Brain Nieves, Constitution, General Assembly, guns, HB 436, Jay Nixon, missouri, nullification, Teabaggers, veto, wingnuts
HB 436: loonier than Wayne LaPierre at a press conference (February 5, 2013)
Ladies and gentlemen, your right wingnut controlled General Assembly (May 9, 2013)
HB 436: nullification – there’s no such thing as a moderate republican (May 10, 2013)
State Treasurer Clint Zweifel (D) – Missouri Boys State – June 17, 2013 – one word (June 17, 2013)
Governor Jay Nixon (D) vetoed the right wingnut gun nullification bill today. In his veto message [pdf] Teacher Jay Nixon had to spend time schooling the republican controlled General Assembly since they had obviously slept through all of their class sessions when the U.S. Constitution was covered:
July 5, 2013
TO THE SECRETARY OF STATE OF THE STATE OF MISSOURI
Herewith I return to you Senate Committee Substitute for House Committee Substitute for House Bill No. 436 entitled:
To repeal sections 21.750, 571.030, 571.101, 571.107, 571.117, and 590.010, RSMo, and to enact in lieu thereof fourteen new sections relating to firearms, with a penalty provision.
I disapprove of Senate Committee Substitute for House Committee Substitute for House Bill No. 436. My reasons for disapproval are as follows:
Senate Committee Substitute for House Committee Substitute for House Bill No. 436 violates the Supremacy Clause of the United States Constitution as well as an individual’s free exercise of speech protected by both the federal and state constitutions.
I. Violates the Supremacy Clause of the United States Constitution
Senate Committee Substitute for House Committee Substitute for House Bill No. 436 violates the Constitution of the United States, Article VI, Clause 2, commonly referred to as the Supremacy Clause. A conflicts-of-law provision, the Supremacy Clause was designed to provide a mechanism to enforce federal acts and to resolve discord between state and federal laws that touch upon the same subject, giving precedence to the laws of the nation over those of the respective states.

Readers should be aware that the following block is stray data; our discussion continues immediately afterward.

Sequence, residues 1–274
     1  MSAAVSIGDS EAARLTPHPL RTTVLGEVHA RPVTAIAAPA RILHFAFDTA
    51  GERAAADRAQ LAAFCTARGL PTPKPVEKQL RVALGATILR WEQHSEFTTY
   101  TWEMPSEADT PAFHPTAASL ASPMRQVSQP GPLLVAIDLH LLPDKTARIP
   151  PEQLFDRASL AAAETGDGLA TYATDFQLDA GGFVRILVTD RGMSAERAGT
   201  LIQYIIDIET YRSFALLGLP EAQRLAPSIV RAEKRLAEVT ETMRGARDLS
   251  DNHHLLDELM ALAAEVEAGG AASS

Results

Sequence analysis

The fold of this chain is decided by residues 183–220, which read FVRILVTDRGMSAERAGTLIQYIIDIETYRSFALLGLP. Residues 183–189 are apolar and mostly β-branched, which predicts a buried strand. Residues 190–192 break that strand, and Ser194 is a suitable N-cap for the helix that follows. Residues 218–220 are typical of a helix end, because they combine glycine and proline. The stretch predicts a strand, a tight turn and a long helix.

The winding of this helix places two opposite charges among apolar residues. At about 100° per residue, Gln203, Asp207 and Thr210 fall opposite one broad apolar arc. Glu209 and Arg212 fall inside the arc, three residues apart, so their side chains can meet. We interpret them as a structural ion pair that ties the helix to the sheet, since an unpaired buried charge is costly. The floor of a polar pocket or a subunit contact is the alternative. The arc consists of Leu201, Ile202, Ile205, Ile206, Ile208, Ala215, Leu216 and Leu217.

At the time of the Constitutional Convention, the framers proposed a number of ideas to resolve conflict between state and federal law, including the Virginia Plan where Congress would have been given the direct power to “negative” or veto state laws. Ultimately, however, the Supremacy Clause was adopted – an idea derived from Alexander Hamilton’s federalist Paper No. 33 and James Madison’s Federalist paper No. 44, but proposed for inclusion in the Constitution by Anti-Federalist Luther Martin. It states:
This Constitution, and the laws of the United States which shall be made in Pursuance thereof; and all treaties made, or which shall be made, under the Authority of the United States, shall be the supreme Law of the land; and the Judges in every State shall be bound thereby, any Thing in the Constitution of Laws of any State to the Contrary notwithstanding.
The Supremacy Clause becomes relevant when state law conflicts with federal statute, or when it is impossible to comply with both state and federal law, or, as in the particular case of Senate Committee Substitute for House Committee Substitute for House Bill No. 436, when a state law “stands as an obstacle to the accomplishment and execution of the full purposes and objectives of Congress,” Hines v. Davidowitz, 312 U.S. 52 (1941), see also Crosby v. National Foreign Trade Council, 530 U.S. 363 (2000). By seeking to declare certain federal acts null and void, Senate Committee Substitute for House Committee Substitute for House Bill No. 436 seeks to turn the hierarchy of our national framework of laws on its head in clear violation of Article VI of the U.S. Constitution.